“Came the building of the fort [by the fur-thieves.] It was enforced labor. The tiered walls of logs arose to the sighs and groans of the Nulato Indians. The lash was laid upon their backs, and it was the iron hand of the freebooters of the sea that laid on the lash. There were Indians that ran away, and when they were caught they were brought back and spread-eagled before the fort, where they and their tribe learned the efficacy of the knout. Two died under it; others were injured for life; and the rest took the lesson to heart and ran away no more. The snow was flying ere the fort was finished, and then it was the time for furs. A heavy tribute was laid upon the tribe. Blows and lashings continued, and that the tribute should be paid, the women and children were held as hostages and treated with the barbarity that only the fur-thieves knew. Well, it had been a sowing of blood, and now was come the harvest.”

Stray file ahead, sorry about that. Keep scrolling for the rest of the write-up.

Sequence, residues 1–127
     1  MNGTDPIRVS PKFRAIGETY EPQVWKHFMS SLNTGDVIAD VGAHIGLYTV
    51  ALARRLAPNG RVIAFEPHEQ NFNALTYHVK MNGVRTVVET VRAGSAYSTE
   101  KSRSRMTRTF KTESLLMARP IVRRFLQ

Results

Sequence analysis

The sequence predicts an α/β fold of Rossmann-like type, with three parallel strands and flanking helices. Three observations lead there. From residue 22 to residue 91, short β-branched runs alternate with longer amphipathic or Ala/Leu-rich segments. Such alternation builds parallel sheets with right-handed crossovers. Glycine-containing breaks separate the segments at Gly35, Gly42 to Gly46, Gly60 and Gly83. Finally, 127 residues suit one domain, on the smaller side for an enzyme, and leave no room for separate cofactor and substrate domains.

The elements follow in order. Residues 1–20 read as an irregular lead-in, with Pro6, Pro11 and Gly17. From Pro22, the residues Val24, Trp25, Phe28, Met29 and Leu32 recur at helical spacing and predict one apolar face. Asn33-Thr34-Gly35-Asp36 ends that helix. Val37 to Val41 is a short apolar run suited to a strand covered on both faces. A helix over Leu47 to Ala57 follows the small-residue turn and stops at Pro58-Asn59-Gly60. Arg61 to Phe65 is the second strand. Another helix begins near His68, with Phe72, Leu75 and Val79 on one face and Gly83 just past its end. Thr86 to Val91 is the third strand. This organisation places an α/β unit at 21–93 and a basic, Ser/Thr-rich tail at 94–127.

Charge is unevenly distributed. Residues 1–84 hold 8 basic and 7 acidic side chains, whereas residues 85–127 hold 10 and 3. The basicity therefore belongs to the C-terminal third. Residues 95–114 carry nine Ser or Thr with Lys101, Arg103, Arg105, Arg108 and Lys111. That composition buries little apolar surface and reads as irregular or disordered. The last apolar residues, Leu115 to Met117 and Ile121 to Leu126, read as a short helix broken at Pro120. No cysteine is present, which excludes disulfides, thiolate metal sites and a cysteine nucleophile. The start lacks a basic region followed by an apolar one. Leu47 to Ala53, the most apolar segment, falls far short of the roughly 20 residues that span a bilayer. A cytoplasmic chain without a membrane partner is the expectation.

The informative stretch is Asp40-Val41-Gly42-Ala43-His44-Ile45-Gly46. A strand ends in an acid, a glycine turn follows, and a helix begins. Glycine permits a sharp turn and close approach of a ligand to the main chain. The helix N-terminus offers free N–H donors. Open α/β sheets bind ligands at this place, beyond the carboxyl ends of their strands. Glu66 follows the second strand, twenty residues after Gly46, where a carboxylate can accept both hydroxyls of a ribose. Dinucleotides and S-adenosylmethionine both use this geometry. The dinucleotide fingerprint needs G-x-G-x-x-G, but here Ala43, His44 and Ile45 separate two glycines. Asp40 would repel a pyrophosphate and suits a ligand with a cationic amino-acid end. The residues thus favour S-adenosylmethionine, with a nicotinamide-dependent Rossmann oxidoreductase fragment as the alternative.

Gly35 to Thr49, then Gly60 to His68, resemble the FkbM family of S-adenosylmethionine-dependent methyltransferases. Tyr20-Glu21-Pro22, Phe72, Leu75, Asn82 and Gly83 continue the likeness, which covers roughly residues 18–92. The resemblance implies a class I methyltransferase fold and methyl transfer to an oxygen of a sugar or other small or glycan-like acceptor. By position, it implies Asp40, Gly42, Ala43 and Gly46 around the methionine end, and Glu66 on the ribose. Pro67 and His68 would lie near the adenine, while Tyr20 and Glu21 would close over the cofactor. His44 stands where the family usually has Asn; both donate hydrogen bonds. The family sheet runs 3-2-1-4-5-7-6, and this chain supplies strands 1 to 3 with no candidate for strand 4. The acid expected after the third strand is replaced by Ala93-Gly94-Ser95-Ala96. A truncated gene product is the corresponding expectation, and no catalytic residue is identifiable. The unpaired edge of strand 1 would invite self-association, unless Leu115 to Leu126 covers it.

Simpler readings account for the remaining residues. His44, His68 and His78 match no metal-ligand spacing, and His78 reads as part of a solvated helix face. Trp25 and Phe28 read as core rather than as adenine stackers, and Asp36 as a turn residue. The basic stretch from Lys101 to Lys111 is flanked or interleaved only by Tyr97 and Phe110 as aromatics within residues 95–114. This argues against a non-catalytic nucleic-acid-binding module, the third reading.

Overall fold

Regarding Subienkow’s beheading: “There was a great bewilderment and silence, while slowly it began to dawn in their minds that there had been no medicine. The fur-thief had outwitted them. Alone, of all their prisoners, he had escaped the torture. That had been the stake for which he played. A great roar of laughter went up. Makamuk bowed his head in shame. The fur-thief had fooled him. He had lost face before all his people.”